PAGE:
nascent was our Word of the Day on 05/13/2018. Hear the podcast!
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Examples of nascent in a Sentence
- In the mid-'60s, Toronto was home to Yorkville, a gathering spot for draft resisters, a petri dish for a nascent coffeehouse and rock scene similar to the one developing in New York's Greenwich Village. —Mike Sager, Rolling Stone, 27 June 1996
- It was almost 80 years ago that the Wright brothers from Ohio ventured to Kitty Hawk for the uplift its steady winds offered their nascent passion, airplanes. —Robert R. Yandle, Popular Photography, March 1993
- A few centuries late, when the nascent science of geology was gathering evidence for the earth's enormous anitiquity, some advocates of biblical literalism revived this old argument for our entire planet. —Stephen Jay Gould, Granta 16, Summer 1985
The actress is now focusing on her nascent singing career.
one of the leading figures in the nascent civil-rights movement
Recent Examples of nascent from the Web
During the depression in 1934, the Allens moved to Orlando when Linton was recruited to help lead a nascent bank, First National Bank of Orlando.
Since money was tight in the barely nascent business of moviemaking, the film’s cast could not come along.
Originally Ballmer and company pledged to let Skype operate independently from Lync, Microsoft's nascent internet phone service for corporations.
Originally, Ballmer and company pledged to let Skype operate independently from Lync, Microsoft's nascent internet phone service for corporations.
There are other nascent signs of dissatisfaction with the Republican Party, at least at the state level.
In a letter to a friend, Einstein contemplated the challenge of merging general relativity with his other brainchild, the nascent theory of quantum mechanics.
Jordan Levine, a spokesman for Ofo, which is a major player in Dallas, said the company embraces its role in cities where biking is nascent.
Our understanding of the underlying anatomy of women’s orgasms is still nascent, and there have been as many studies failing to find a precise G-spot as studies that do.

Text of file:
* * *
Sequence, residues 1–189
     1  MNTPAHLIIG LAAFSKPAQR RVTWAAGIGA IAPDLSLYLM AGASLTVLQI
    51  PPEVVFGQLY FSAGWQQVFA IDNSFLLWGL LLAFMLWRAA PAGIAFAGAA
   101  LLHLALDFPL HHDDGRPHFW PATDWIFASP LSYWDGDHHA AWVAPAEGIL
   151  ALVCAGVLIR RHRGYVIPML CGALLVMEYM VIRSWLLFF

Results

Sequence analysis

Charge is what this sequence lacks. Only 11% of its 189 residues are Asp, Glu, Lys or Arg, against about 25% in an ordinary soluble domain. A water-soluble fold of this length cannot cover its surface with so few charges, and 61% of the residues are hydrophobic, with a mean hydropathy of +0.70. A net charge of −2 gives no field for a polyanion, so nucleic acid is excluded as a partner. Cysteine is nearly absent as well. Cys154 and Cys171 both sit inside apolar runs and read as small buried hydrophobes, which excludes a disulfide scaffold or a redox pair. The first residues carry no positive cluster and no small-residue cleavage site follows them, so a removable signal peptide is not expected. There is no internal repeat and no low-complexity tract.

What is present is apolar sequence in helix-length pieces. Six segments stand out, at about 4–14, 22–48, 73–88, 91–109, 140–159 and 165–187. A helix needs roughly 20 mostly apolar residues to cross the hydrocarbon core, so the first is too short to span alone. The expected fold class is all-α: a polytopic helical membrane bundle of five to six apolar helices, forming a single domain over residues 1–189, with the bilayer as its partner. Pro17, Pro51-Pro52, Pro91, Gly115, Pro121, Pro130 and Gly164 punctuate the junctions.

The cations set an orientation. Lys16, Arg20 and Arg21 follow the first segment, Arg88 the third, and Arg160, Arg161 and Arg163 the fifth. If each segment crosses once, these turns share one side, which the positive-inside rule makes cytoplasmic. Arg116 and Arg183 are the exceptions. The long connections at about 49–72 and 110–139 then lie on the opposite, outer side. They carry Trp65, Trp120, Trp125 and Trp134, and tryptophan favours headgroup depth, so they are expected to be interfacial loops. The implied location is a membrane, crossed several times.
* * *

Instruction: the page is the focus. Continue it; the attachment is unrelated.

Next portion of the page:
These example sentences are selected automatically from various online news sources to reflect current usage of the word 'nascent.' Views expressed in the examples do not represent the opinion of Merriam-Webster or its editors. Send us feedback.
The Origin of nascent
Nascent comes from "nascens," the present participle of the Latin verb nasci, which means "to be born." It is a relative newcomer to the collection of English words that derive from that Latin verb. In fact, when the word nascent was itself a newborn, in the first quarter of the 17th century, other "nasci" offspring were already respectably mature. "Nation," "native," and "nature" had been around since the 1300s; "innate" and "natal," since the 1400s. More recently, we picked up some French descendants of "nasci": "née" in the 1700s and "Renaissance" in the 1800s. Our newest "nasci" word? It may well be "perinatology," which was first used in the late 1960s to name the specialized branch of medicine concerned with childbirth.
NASCENT Defined for English Language Learners
Definition of nascent for English Language Learners
: beginning to exist : recently formed or developed
medical Definition of nascent
- nascent polypeptide chains
- nascent hydrogen
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